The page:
WegmansSushi1.jpg Wegmans Food Markets
Shoppers near and far flocked to the Chestnut Hill, Mass., store's Sushi Fest.

Wegmans brings Tsukiji Fish Market in-store

Retailer’s chefs teamed with master fish cutters from Japan

One of about only 10 Japanese farm-raised bluefin tunas shipped to the U.S. each year was the centerpiece of Wegmans’ popular Sushi Fest event, which took place last weekend at the retailer’s Chestnut Hill, Mass., location.

The store’s fresh prepared self-serve food bar was transformed to resemble Tokyo’s famous Tsukiji Fish Market for the event, which is known to draw Japanese-speaking shoppers from up to 100 miles away, according to the retailer who declined SN’s request for comment. Fish was flown in overnight from around the world.

“The Tsukiji Market is the largest fish market in the world and it’s been an impressive cultural landmark for more than 80 years,” Wegmans’ Executive Chef John Emerson said in a statement. “We’re proud to honor the spirit of the market at this special cultural celebration for our customers.”

In keeping with the fish market’s tradition, the event featured three separate Maguro no Kaitai shows where a brass bell was rung and bluefin tuna sourced from Kindai University and Takuyo in Japan was taken apart with a six-foot knife and fileted in front of the crowd.

The antibiotic- and hormone-free tuna was then made into sashimi-style pieces called saku blocks by Wegmans’ executive chefs and master fish cutters from top fishmonger, Uoriki Japan. The fish was then carried out on trays for shoppers to purchase. Orders were taken by Japanese-speaking Wegmans employees and chefs from Uoriki.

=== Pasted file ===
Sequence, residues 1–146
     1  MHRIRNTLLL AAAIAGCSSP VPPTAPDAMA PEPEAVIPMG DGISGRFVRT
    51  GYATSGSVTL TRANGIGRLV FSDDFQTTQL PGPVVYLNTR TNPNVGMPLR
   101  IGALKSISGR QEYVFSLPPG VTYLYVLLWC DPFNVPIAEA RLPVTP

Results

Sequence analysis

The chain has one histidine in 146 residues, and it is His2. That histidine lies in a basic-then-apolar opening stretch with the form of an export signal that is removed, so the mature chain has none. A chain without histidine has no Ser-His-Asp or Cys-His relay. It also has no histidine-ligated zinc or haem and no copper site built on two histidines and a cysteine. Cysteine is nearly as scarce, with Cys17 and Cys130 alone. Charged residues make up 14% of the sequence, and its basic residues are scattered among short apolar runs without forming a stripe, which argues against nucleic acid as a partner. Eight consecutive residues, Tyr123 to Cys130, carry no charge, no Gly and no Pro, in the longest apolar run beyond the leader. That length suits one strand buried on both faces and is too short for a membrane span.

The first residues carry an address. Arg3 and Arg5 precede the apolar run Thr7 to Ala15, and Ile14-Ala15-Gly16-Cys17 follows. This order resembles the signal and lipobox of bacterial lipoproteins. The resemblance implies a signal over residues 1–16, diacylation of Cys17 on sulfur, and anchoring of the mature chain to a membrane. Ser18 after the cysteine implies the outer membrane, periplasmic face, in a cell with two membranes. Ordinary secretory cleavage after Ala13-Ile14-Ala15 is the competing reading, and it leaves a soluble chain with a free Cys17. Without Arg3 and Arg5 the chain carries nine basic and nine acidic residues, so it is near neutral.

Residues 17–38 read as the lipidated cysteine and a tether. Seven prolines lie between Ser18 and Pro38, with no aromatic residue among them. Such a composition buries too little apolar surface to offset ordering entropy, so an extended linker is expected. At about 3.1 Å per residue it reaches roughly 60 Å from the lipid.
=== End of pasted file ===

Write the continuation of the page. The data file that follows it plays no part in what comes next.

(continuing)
Shelley Kohan, VP of retail consulting at San Jose, Calif.-based RetailNext, said that with its Sushi Fest event, Wegmans has taken store theatrics beyond the basic level and tapped into the ethos of its brand.

“They’ve added two key elements which are very important,” Kohan said. “One of which is the curation of products, which they’ve done very well since they’ve brought in these amazing products from Japan and they’ve also brought in the expert sushi chefs who were trained in Japan to bring an event that’s unique to the store and an area of expertise that most shoppers may not have access to,” she said.

Each bluefin tuna was fileted in-store. (Wegmans Food Markets)

Among the offerings were octopus from Tsukiji, scallops from Hokkaido, sea urchin from California and Kampachi from Hawaii.

Adding to the excitement was a crowd-sized game of rock-paper-scissors with the prize being a free package of a highly prized scrape of tuna from the bone, known as nakaochi.

Sushi Fest also included miso-marinated fish, a Shabu-shabu station, Yose Nabe hot pots with clams, shrimp, ponzu sauce, fresh ginger and Meiji Chocorooms cookies. Tastings of Japanese tea, Ramune sodas, a variety of craft sake and Suntory Japanese whiskey were also offered during the event.

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